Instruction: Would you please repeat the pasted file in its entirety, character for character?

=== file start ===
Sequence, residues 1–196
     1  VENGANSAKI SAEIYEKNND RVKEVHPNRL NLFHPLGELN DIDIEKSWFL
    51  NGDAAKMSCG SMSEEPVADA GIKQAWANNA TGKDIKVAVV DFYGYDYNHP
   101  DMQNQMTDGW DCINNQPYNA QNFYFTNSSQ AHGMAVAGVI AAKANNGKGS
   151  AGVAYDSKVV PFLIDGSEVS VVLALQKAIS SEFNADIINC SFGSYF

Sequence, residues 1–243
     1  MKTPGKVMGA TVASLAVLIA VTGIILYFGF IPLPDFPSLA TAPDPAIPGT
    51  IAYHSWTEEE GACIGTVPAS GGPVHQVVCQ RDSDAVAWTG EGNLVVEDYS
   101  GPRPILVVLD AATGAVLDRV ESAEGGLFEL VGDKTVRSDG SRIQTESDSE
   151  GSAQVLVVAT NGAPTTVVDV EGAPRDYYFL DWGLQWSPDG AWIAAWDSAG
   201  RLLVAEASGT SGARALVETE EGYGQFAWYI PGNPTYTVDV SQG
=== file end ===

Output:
Sequence, residues 1–196
     1  VENGANSAKI SAEIYEKNND RVKEVHPNRL NLFHPLGELN DIDIEKSWFL
    51  NGDAAKMSCG SMSEEPVADA GIKQAWANNA TGKDIKVAVV DFYGYDYNHP
   101  DMQNQMTDGW DCINNQPYNA QNFYFTNSSQ AHGMAVAGVI AAKANNGKGS
   151  AGVAYDSKVV PFLIDGSEVS VVLALQKAIS SEFNADIINC SFGSYF

Sequence, residues 1–243
     1  MKTPGKVMGA TVASLAVLIA VTGIILYFGF IPLPDFPSLA TAPDPAIPGT
    51  IAYHSWTEEE GACIGTVPAS GGPVHQVVCQ RDSDAVAWTG EGNLVVEDYS
   101  GPRPILVVLD AATGAVLDRV ESAEGGLFEL VGDKTVRSDG SRIQTESDSE
   151  GSAQVLVVAT NGAPTTVVDV EGAPRDYYFL DWGLQWSPDG AWIAAWDSAG
   201  RLLVAEASGT SGARALVETE EGYGQFAWYI PGNPTYTVDV SQG